I have never had a problem with medications in general, and in my work as a nurse, I’ve seen how much good they can do. Despite that, I’ve gone off the meds I take for depression a few times, and that’s what this post is about.
My first episode of depression was in 2007. I ended up hospitalized following a suicide attempt, and I spent 2 months in hospital. I continued taking my meds for a few months and I then had another suicide attempt, this time by overdosing on my psych meds. Since I didn’t do any significant damage, I chose not to tell anybody at the time. I decided to hell with it, if I was on meds and still feeling shitty, what was the point of continuing meds? Since I didn’t want my treatment team to know I wasn’t taking meds, I continued picking them up regularly from the pharmacy. I ended up getting into full remission without meds, and I remained well for almost 4 years.
My plan all along was that if I started to have signs of getting worse, I would restart meds. When the depression started to hit me in 2011, I quickly recognized the red flags of poor sleep and low mood, so I made an appointment to see my GP. I had to practically beg for meds. He begrudgingly gave me 10mg of citalopram, although his preference was that I attend group therapy. Two weeks later I ended up in hospital.
It took a year and a half to get fully well again, and I ended up on multiple weight gain-inducing meds (lithium, quetiapine, and mirtazapine). The weight gain was hard to adjust to, although I recognized it was probably a fair price to pay for being well.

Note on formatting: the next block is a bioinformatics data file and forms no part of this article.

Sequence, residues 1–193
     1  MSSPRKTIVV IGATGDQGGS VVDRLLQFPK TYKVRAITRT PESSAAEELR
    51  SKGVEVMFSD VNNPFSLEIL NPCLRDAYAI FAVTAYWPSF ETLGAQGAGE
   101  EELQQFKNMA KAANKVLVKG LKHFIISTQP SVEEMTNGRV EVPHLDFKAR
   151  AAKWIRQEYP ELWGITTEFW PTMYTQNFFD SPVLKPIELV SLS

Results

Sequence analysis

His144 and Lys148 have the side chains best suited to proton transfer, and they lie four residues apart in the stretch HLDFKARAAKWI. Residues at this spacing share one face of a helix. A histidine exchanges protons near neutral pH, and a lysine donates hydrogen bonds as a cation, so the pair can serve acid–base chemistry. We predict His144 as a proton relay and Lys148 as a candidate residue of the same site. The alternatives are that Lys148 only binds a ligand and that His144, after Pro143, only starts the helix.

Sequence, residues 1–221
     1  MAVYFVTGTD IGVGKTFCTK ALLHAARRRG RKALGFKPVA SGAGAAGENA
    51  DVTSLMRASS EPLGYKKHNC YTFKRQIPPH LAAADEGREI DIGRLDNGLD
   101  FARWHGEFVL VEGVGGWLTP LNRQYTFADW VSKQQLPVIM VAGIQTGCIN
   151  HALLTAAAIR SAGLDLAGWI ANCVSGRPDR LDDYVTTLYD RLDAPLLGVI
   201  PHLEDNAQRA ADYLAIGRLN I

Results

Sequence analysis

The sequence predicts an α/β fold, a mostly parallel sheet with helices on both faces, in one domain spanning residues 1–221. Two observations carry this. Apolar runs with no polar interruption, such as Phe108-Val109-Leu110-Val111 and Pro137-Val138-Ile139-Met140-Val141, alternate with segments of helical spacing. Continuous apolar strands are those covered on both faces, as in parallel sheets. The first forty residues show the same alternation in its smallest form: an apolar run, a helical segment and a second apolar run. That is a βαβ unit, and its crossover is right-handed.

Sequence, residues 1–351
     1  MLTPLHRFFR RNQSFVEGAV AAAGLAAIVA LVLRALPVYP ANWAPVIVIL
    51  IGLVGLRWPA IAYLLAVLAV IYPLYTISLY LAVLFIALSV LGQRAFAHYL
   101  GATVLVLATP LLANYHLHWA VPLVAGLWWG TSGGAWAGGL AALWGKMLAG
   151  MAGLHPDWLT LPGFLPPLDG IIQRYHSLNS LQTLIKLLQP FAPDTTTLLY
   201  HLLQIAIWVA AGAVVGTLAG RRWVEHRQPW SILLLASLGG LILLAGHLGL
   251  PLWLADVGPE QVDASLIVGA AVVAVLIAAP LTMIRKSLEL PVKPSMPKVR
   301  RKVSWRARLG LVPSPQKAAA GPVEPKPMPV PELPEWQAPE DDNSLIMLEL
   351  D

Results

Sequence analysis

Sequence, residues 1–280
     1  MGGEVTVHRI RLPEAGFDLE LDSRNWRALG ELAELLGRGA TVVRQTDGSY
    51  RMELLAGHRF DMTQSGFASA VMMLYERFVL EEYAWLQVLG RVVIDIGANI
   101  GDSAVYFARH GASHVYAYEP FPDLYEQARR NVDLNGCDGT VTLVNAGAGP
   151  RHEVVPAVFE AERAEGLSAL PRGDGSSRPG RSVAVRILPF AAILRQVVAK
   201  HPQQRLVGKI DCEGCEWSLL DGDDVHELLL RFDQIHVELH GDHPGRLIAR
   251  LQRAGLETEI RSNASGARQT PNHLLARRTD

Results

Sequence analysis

After 2 years in full remission, I decided I wanted to try going off the quetiapine, and my psychiatrist was agreeable. We tapered down the dose gradually, and at first, it seemed like I was going ok, until suddenly it wasn’t. I got really slowed down with psychomotor retardation, and ended up having to go back on the quetiapine as well as up my dose of lithium. Clearly, I needed my full med cocktail.
Going without a prescriber
It wasn’t too long afterwards that I experienced some traumatic events and became quite depressed again. My psychiatrist’s reaction was tremendously invalidating, so I stopped seeing him. I’d recently begun seeing a new GP, and when I told her why I wasn’t seeing the psychiatrist anymore, she came out with the same invalidating comments he did. There was no way I was going to see her again, so she booked me to see another GP at the same clinic. That one ended up being even worse.
I couldn’t bear the thought of going to see another doctor, so I decided to do a gradual taper with the meds I had on hand and then stop. It wasn’t that I wanted to stop taking meds, I just wasn’t willing to see another doctor. Not surprisingly, that strategy didn’t work out very well for me. I was barely sleeping despite taking everything over-the-counter I could think of.
It was when I decided that I needed to go back on meds that I found my current GP, who’s very reasonable and pragmatic. Even so, there have been a couple of times that I’ve thought screw it, there’s no point going in to get my meds reordered because I just feel like crap anyway.
My logical mind is very adamant that I need meds. Unfortunately, sometimes depression sneaks in and twists things around. For me, I don’t think that will ever go away, no matter how pro-meds I am most of the time.
Do you have experience going off meds in the past? What was that like?
For more info and MH@H posts on psychiatric medications, visit the Psych Meds Made Simple page. There’s also a Psych Meds 101 series covering:
Ashley L. Peterson
BScPharm BSN MPN
Ashley is a former mental health nurse and pharmacist and the author of four books.